The Indispensable Excess of the Aesthetic

The Indispensable Excess of the Aesthetic: Evolution of Sensibility in Nature (2015 Rowman & Littlefield, Lexington Books)


This book is a unique contribution to the recent body of work on the significance of the aesthetic in human evolution. It offers a compelling argument for grounding the aesthetic in the naturalistic frame of evolutionary theory. Mandoki’s account is richly informative, guiding the reader through a wide body of scholarship in biology, cognitive science, semiotics, psychology, cultural studies, history, philosophy, and aesthetics. Her sharp eye cuts through the mass of vague universal concepts such as genes and memes, “dubious dichotomies,” and competing and conflicting theories, always guided by the recognition of connections and contexts. At the same time the writing is unfailingly fresh and engaging and even sparkles with wit. A rare achievement. (Arnold Berleant, C.W. Post, Long Island University)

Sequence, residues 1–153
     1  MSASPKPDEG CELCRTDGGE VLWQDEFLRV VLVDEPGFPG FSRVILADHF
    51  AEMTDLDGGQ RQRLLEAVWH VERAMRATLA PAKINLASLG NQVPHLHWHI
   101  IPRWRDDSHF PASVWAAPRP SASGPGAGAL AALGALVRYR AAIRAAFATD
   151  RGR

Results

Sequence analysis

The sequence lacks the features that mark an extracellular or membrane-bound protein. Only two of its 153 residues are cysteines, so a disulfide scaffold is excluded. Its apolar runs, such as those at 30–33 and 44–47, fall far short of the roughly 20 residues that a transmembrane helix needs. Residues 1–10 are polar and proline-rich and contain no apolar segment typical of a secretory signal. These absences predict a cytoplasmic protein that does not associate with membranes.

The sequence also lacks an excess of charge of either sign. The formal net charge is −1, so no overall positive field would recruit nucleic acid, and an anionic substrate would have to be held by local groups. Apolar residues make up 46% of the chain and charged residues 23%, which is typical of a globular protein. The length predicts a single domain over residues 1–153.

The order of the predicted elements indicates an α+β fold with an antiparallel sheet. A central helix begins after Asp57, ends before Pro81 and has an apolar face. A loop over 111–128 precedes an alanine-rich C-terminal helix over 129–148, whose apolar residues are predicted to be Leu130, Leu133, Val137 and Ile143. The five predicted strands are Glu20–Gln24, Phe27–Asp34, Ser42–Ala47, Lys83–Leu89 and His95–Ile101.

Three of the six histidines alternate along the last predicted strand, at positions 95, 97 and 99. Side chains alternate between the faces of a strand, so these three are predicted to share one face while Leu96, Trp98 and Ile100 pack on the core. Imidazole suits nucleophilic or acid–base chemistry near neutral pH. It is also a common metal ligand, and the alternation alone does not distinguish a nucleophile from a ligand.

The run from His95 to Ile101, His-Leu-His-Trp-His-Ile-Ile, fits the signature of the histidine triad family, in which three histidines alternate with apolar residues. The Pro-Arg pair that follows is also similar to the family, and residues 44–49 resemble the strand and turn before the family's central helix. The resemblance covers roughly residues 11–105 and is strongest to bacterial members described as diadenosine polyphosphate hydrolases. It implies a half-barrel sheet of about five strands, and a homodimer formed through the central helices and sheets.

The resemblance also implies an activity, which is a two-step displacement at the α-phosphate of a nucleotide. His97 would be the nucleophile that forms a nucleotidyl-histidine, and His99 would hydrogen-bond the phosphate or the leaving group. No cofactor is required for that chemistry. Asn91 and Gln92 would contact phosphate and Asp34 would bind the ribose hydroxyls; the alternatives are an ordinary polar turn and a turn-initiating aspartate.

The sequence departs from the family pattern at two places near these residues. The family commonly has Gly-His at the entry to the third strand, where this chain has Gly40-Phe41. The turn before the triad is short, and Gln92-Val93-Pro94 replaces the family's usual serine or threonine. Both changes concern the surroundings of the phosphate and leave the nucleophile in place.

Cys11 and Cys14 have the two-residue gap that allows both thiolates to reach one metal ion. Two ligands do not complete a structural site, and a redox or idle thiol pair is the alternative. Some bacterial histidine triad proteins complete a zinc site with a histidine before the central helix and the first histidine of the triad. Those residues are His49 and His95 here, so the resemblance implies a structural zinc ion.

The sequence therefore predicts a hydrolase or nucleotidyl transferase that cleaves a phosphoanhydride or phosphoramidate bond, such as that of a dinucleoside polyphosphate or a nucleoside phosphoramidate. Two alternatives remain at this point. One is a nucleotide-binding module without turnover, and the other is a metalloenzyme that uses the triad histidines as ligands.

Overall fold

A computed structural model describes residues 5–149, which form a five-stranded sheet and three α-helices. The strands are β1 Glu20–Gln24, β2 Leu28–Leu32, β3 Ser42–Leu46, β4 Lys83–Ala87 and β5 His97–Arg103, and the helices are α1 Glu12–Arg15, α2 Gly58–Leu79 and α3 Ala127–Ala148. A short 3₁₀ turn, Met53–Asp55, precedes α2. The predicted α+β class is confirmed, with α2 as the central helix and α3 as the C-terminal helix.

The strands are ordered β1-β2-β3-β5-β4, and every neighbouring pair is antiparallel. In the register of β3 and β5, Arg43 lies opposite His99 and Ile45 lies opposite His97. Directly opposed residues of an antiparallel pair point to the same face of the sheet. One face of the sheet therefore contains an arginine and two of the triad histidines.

Philosophical aesthetics is now in a new age. One of the main subjects of the New Aesthetic is the theory of aesthesis (perception/feeling). Katya Mandoki offers a daring new version of this theory. In a sense, the author tries to answer the questions: why is the beautiful beautiful? What is the very origin of art? The field of her argument is, of course, the theory of evolution, with the main reference being Darwin, philosophy’s confrontation with the sciences, and many different forms of knowledge so as to dazzle us: ‘exuberance’ as the subject of the book is performed. (Ken-ichi Sasaki, University of Tokyo)


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